Regardless what side of the political spectrum you fall on, most can agree that the way the markets moved before, during, and after the night of the Presidential election didn’t quite add up.  I am frequently reminding my clients that the markets do not like uncertainty or surprises; a Donald Trump win threatened to offer plenty of both. The days leading up to the election seemed to tell us the markets preferred a Hillary Clinton win.  They fell 9 days in a row as the FBI investigation into Clinton’s email server was reopened and her polling numbers dropped.  Then, on Monday November 7, the Dow rallied almost 400 points when the FBI once again cleared her in their investigation.  This is a logical market reaction given that Clinton represented the status quo -- that is, she represented certainty for the markets. The markets began to plummet the night of the election as...

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Sleep On It – How To Save Your Retirement With A Spare Bedroom

Are you coming up short on saving for retirement, or worse yet, coming up short on paying for a retirement you are already in?  If you answered “yes” to that question and you have an unused bedroom, you may be sitting on, or rather, sleeping on the answer. Airbnb is a peer-to-peer online marketplace that allows residential property owners to rent out a room, or their entire home, to individuals looking for short-term lodging.  Think of it as a way to make money off your home like it’s an unofficial hotel.   Airbnb.com says they have 2 million+ listings in over 191 countries, so this is a serious business. Let’s say your CERTIFIED FINANCIAL PLANNER™ professional is telling you that you need to save another $500 a month to get on track for the retirement you want.  You’ve scrutinized your budget and there is just no way to come up with that money. ...

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The Power of the Mortgage Refinance

The Federal Reserve once again decided on September 21 to hold off on raising interest rates.  That may not help the paltry interest you are receiving on your savings account or bank certificate of deposit, but it is something that can still make – or rather save you some money. Interest rates on home mortgages remain near all-time lows.  Bankrate.com lists the rate on a 30 year, fixed-rate mortgage refinance at 3.35% and the rate on a 15 year, fixed-rate mortgage refinance at 2.63% as of 9/29/16.  No one can forecast whether rates will go up or down, but it is highly unlikely they will go much lower.  That means now is a good time to consider refinancing. Consider someone who bought a $200,000 home 10 years ago with 20% down and took out a traditional 30 year mortgage for the remaining $160,000.  If the interest rate on the mortgage was 5.25%,...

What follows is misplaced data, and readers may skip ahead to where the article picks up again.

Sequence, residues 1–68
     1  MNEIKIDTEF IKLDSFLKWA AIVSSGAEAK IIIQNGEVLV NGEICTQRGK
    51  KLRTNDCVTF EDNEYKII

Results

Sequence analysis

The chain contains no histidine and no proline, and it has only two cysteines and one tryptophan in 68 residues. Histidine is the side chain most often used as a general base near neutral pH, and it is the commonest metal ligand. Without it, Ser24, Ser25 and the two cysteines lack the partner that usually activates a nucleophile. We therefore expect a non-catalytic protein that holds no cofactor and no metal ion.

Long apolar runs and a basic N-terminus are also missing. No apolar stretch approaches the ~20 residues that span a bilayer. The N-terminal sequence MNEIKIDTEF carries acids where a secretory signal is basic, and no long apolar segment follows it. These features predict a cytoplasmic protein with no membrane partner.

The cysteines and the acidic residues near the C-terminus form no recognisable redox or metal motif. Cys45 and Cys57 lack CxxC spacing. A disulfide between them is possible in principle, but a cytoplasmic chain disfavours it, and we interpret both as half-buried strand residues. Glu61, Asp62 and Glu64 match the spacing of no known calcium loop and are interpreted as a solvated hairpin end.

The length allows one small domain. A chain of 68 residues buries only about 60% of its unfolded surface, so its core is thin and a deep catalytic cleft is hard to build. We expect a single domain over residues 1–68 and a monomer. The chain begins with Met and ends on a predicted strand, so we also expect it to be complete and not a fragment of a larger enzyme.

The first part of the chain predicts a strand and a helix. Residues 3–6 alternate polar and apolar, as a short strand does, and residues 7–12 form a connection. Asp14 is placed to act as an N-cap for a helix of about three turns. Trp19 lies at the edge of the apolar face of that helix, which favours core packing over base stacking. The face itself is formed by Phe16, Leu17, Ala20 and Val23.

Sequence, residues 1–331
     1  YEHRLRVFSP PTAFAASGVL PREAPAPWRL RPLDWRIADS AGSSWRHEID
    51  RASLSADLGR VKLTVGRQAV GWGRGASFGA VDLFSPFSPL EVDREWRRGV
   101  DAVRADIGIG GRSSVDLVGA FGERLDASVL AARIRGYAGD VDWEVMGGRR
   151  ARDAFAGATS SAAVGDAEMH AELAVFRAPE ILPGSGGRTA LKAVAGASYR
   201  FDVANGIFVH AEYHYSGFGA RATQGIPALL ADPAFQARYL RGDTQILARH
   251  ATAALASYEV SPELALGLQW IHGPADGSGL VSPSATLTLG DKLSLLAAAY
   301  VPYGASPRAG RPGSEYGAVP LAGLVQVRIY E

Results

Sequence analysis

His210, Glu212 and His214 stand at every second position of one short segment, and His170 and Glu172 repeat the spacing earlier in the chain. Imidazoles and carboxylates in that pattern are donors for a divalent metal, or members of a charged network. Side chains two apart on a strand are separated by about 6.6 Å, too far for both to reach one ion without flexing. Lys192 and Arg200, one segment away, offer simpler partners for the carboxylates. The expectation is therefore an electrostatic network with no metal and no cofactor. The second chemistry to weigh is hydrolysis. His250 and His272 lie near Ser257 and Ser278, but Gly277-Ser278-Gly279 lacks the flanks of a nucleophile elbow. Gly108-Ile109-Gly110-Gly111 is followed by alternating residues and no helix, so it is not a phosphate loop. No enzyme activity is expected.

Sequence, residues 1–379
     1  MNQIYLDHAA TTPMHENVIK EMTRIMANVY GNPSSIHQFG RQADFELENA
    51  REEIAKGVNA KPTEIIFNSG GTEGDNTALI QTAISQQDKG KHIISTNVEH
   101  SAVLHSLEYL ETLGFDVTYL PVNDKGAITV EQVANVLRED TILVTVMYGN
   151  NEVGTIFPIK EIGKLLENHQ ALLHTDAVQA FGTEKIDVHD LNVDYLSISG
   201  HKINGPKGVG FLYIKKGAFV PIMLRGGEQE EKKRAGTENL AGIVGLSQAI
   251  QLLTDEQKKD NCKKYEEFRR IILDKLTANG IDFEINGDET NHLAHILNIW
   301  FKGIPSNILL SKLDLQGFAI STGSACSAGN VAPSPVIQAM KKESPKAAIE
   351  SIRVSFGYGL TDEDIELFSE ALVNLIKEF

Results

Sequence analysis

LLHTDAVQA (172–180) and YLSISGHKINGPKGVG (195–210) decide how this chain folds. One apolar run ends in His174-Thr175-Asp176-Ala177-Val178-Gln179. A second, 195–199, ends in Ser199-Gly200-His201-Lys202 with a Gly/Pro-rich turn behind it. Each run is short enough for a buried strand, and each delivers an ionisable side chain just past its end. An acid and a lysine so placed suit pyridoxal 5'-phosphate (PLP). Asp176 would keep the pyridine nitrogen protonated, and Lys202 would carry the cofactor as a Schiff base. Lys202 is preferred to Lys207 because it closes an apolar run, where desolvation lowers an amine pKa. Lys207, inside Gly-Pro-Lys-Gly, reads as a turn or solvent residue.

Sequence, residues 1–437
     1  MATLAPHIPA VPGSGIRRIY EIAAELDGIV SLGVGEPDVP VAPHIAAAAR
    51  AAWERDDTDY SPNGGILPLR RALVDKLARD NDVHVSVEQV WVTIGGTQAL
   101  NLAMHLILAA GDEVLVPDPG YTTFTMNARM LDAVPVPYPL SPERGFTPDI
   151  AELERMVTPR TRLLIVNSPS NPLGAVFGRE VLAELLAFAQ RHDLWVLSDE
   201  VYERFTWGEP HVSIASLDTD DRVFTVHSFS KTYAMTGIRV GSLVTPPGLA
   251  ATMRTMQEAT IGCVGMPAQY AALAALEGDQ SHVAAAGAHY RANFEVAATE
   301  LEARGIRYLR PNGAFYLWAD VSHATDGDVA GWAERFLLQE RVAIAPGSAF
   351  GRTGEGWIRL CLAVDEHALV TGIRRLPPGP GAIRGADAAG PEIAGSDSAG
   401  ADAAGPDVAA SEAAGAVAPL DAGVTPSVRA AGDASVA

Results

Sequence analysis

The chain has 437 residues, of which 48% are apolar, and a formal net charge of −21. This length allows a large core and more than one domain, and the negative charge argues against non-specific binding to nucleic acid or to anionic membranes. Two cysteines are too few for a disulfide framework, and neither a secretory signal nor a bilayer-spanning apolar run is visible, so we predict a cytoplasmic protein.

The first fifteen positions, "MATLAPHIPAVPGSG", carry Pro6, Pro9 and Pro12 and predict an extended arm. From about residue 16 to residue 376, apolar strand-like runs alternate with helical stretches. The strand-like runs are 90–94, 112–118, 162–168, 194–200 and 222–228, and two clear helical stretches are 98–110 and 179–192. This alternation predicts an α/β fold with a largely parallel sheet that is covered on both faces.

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Ignoring that HSA May be Bad for Your Financial Health

If you are in a high deductible healthcare plan (HDHP), then you are eligible to utilize a Health Savings Account (HSA).  This is an often-ignored tool that can potentially produce large tax savings.  Your contributions are pre-tax, they grow tax-deferred, and they come out tax-free as long as they are used for qualified medical expenses.  Not even a 401k gives you that many tax advantages!  The maximum 2016 contributions are $3,350 for an individual and $6,750 for a family plan.  You can add another $1,000 to those numbers if you are age 55 or older. The following example shows just how much impact an HSA can have on your bottom line: Let’s say you are single, living in New York State, making $52,000 a year and eligible to contribute to an HSA through your employer-provided healthcare plan (commonly referred to as a Section 125 Cafeteria Plan). You know that you will have...

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Don’t Time the Market -Listen to Cicadas Instead!

Peter Lynch, the famous and very successful mutual fund manager, is quoted as saying “Far more money has been lost by investors preparing for corrections or trying to anticipate corrections than has been lost in the corrections themselves.” Recent market events have provided us with yet another example of why trying to “time” the investment markets just doesn’t work.  At the close of business on June 23, 2016, the night before the Brexit vote results were released, the S&P 500 was up 4.52% for the year.  Most investors probably went to bed that night confident that leaving their money in the markets was the right thing to do since the polls were leaning toward the U.K. remaining in the European Union.  As we know now, the vote went in the opposite direction and Brexit heavily impacted the U.S. markets in the morning, sinking the S&P 500 by 3.76% almost instantly. A market-timing...